Shot three times on Saturday, Payson Department of Public Safety Officer Seth Meeske returned to his parents’ Payson home this Wednesday, amidst an outpouring of support.
Shot in the back, leg and forearm, Meeske has reportedly regained some ability to move his fingers although the bullet severed both an artery and damaged nerves to his hand.
DPS spokesman Carrick Cook said, “Seth is doing well. He’s going through physical therapy. He’s staying at a relative’s house. We’re all hopeful that he’ll be back on the road — but they’re saying that will take quite a long while.”
Doctors hope for a full recovery, but Meeske will need months of rehabilitation, said Cook.
DPS has not released any additional details on the shooting and high-speed chase, which ended in the death of the suspect, Cody Archuelta, 22.
Cook said Meeske’s family has been buoyed by support from all over the state. Meeske’s father was for many years head of the DPS office in Rim Country.
“We’ve had a ton of support — not only from our agency which has been overwhelming, but from members of the community. They’re not only asking ‘How’s Seth doing?’ but ‘How’s the family doing?’ His family is his support system and when they all feel the appreciation and concern from the public, it makes it much easier to care for Seth.”
Cook said it will likely take months to compile a complete report on the incident, since it involved both the shooting of an officer and gunfire by several of the officers who pursued and cornered the suspect. A Payson police officer and a Gila County sheriff’s deputy both fired at Archuleta after he went off the road into a ditch and fired at officers. Investigators have not yet determined whether Archuleta’s fatal wound was self-inflicted.
The incident unfolded as Meeske made a routine traffic stop on Saturday night. Meeske walked up to the passenger side of Archuleta’s white sedan and rapped on his window, remaining behind the back-seat window — a cautious reflex that saved his life.
Without warning, Archuleta fired through the passenger side window, blasting glass into Meeske’s face and hitting him in the leg, back and through the forearm, severing an artery. Meeske made it back to his car and radioed a description of the car, then told the dispatcher calmly that he would drive himself to Payson Regional Medical Center. He steered the car mostly with his one good leg, since every time he released his grip on his forearm the severed artery spurted blood.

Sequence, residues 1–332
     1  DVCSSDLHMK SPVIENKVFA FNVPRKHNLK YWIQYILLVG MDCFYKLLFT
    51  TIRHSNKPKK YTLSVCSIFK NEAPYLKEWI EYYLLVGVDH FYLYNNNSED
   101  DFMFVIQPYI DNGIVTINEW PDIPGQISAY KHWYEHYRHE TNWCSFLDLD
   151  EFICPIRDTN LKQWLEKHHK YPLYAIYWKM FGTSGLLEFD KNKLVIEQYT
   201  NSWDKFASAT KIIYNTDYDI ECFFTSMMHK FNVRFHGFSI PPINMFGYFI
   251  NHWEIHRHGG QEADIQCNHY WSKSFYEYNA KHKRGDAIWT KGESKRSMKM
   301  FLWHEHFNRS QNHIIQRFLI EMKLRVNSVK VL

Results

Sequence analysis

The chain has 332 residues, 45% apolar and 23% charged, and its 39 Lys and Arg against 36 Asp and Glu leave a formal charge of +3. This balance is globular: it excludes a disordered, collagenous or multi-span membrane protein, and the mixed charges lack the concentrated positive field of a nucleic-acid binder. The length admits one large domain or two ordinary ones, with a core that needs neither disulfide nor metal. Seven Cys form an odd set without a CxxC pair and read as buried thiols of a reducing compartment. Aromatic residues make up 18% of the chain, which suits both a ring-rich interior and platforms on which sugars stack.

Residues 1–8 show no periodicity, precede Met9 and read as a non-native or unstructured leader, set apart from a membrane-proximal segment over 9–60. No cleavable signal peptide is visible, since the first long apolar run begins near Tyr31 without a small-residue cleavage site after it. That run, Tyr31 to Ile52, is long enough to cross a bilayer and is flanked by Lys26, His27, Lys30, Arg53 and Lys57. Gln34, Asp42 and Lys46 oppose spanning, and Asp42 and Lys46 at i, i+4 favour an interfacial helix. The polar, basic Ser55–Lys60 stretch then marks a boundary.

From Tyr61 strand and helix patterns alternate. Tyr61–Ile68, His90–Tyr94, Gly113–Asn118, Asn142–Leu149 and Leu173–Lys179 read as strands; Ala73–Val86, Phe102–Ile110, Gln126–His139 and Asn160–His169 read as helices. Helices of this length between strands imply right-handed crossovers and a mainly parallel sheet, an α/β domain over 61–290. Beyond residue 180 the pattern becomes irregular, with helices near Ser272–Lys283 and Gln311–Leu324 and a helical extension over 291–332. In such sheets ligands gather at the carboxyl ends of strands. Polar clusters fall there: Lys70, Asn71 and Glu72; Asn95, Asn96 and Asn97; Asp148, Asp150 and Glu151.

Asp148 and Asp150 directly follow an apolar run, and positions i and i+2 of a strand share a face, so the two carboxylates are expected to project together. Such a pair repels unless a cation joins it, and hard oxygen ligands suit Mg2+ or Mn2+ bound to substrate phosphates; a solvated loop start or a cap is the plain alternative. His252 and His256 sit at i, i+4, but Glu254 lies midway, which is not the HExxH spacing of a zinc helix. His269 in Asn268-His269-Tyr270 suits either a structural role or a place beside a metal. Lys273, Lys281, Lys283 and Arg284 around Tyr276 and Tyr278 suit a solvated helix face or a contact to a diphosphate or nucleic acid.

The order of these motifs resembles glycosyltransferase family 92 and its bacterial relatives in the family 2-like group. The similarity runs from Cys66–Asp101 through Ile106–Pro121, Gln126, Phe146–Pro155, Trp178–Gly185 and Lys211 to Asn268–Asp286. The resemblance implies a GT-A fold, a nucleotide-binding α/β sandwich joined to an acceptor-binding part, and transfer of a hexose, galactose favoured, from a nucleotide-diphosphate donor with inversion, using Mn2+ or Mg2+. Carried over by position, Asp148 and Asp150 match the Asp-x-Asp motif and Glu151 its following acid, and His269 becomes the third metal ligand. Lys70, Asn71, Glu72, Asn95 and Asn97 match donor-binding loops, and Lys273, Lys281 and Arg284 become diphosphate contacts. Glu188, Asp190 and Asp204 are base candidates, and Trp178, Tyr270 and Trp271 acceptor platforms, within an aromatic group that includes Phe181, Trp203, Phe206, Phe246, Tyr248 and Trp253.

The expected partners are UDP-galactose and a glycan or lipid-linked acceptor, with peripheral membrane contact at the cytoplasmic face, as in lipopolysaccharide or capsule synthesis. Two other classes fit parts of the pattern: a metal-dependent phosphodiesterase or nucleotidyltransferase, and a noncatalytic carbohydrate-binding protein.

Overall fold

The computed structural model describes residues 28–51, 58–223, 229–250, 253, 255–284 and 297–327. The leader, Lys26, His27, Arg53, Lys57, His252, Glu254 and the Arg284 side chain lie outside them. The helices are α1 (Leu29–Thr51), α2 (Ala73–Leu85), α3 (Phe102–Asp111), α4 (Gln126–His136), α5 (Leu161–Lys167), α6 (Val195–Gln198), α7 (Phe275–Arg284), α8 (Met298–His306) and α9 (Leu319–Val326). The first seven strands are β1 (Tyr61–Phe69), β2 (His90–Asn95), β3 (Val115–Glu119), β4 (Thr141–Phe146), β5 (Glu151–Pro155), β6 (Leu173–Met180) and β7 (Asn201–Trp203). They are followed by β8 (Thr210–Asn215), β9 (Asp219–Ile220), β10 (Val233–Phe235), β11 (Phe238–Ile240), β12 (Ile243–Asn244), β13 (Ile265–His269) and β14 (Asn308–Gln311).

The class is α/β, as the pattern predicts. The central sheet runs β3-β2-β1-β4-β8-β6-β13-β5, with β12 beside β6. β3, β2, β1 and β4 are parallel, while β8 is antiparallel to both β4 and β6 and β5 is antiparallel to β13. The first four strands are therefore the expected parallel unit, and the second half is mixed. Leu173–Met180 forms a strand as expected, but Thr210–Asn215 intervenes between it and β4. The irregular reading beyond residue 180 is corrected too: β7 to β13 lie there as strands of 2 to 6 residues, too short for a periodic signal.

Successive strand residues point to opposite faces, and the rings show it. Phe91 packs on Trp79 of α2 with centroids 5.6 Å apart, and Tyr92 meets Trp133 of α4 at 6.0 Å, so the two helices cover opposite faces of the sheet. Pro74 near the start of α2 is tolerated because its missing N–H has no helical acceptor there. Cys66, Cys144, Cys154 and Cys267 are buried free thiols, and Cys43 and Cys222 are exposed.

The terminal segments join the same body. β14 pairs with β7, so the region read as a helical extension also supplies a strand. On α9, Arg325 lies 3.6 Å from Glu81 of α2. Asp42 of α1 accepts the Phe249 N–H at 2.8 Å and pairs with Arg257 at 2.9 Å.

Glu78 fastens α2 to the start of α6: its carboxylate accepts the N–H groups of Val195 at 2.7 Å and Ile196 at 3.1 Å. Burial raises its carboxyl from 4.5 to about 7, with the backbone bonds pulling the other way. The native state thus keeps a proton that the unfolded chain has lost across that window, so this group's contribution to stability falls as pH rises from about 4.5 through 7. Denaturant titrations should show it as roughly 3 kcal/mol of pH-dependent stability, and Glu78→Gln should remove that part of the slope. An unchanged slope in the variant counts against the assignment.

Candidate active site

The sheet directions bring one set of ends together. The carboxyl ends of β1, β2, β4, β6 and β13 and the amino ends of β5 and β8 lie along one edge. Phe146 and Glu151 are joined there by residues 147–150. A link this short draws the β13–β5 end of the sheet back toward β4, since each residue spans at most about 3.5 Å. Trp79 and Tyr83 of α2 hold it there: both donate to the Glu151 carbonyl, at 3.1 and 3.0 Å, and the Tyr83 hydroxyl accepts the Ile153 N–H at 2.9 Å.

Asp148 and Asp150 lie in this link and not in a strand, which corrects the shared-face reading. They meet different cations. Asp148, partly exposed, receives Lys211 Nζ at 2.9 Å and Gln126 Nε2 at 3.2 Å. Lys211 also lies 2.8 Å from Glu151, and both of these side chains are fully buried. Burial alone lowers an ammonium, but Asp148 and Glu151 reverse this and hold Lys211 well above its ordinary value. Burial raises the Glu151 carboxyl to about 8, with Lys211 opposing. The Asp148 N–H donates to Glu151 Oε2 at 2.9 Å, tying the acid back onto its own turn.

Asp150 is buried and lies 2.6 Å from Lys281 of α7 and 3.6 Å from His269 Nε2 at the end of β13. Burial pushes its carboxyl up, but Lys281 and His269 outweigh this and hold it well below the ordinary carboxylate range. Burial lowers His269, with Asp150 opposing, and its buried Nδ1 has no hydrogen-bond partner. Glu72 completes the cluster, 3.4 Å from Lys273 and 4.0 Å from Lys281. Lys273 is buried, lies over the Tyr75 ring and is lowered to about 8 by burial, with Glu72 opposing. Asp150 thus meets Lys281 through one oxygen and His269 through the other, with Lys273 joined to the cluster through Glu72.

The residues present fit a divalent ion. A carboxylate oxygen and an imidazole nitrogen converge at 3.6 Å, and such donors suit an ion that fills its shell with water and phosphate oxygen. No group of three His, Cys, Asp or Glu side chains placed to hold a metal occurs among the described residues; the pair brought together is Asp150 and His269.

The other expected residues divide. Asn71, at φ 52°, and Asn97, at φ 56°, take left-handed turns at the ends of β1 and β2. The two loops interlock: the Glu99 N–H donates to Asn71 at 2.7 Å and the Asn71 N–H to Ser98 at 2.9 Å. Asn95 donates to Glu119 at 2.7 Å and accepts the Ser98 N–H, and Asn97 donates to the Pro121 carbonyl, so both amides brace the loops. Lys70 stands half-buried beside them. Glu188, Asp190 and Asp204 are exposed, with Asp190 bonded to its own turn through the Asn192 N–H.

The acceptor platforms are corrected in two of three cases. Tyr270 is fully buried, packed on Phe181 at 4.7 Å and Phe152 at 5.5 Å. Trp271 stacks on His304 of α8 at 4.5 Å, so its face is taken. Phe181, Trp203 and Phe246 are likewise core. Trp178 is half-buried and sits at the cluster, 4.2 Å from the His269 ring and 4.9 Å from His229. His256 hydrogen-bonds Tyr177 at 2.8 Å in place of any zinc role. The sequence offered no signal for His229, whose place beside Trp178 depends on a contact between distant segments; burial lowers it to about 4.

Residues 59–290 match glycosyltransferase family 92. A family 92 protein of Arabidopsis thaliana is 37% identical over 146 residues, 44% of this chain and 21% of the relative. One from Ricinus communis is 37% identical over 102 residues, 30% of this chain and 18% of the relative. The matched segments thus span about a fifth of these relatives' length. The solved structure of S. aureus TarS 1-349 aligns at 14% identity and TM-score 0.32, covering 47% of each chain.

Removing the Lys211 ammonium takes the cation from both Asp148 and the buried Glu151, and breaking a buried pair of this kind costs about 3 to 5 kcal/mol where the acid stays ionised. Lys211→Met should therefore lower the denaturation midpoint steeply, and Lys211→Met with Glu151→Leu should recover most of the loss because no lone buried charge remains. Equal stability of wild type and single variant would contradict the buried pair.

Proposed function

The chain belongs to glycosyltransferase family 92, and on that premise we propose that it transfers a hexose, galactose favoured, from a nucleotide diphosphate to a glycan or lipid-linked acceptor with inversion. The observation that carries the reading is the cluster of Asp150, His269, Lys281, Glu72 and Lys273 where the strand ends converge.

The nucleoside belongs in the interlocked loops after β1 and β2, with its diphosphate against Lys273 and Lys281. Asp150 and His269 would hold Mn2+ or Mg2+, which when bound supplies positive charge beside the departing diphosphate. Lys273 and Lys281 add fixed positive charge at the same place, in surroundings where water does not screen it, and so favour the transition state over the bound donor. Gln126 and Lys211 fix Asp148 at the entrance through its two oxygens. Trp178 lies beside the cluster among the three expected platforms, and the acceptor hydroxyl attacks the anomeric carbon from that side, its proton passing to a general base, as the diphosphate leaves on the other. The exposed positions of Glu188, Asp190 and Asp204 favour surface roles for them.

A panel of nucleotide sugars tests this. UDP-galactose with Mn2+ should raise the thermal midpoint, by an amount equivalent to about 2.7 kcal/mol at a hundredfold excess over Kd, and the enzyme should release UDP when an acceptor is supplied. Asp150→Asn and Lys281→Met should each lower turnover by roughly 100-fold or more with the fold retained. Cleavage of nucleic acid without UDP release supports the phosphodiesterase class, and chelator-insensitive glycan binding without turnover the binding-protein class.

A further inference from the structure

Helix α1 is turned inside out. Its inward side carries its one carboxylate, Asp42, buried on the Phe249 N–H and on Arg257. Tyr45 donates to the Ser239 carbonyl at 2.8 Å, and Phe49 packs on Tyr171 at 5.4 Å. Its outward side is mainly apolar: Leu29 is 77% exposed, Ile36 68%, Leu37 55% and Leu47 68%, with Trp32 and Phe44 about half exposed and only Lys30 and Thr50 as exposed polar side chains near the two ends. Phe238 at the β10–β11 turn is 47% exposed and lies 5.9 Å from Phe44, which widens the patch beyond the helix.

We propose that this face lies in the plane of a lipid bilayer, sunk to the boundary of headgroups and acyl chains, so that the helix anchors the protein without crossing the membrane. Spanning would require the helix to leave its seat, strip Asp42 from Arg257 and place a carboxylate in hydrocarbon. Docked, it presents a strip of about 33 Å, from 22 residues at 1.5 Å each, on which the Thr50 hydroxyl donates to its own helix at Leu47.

Back in town, rookie DPS Officer Robert Derango on his first night patrolling solo, spotted Archuleta’s car blowing through the stoplight at Main Street and the Beeline. With great presence of mind, the freshly minted officer radioed the car description with perfect calm and sped off in pursuit. Five Payson police cars and one sheriff’s car joined the pursuit through Pine, which at times exceeded 100 miles an hour.
Archuleta went off the road into a field on top of the Rim beyond Cinch Hook. He fired at officers who returned fire. When Archuleta stopped shooting, officers approached behind the cover of a patrol car, only to find him dying of a gunshot wound to the head.
DPS has not yet released information that might indicate why Archuleta, a convicted felon, was driving through Payson late at night with several guns in the car. Maricopa County court records show that at various times since 2009 Archuleta was charged with theft, trespassing, trafficking in stolen property, extreme DUI, flight from law enforcement officers, underage drinking and other crimes. The court records don’t indicate the disposition of all those charges. But the list of filings includes a recent case involving a probation revocation, followed by issuance of a warrant.
Ever since the incident, Rim Country has been suffused with concern for Meeske, a former Longhorn quarterback, Forest Service firefighter and 14-year DPS veteran.
ROUNDUP'S FACEBOOK PAGE POSTS
Betty Tillia: Prayers for Seth and his family.
Annette Haddox: Our church prayed for you on Sunday. Get well soon and thank you!
Andrea M Schmidt: So happy that you are recovering so well. I don’t know if I could’ve driven myself to the hospital ... you are a hero Seth.
Ninette Loucks: Your courage and bravery are very much admired by the community. Thank you for keeping us safe, but more importantly you are here today.
Tracy Walker: Thinking of Seth, his family, and all of our other angels who do a job most of us can’t/wouldn’t do. Thank you for the job you do.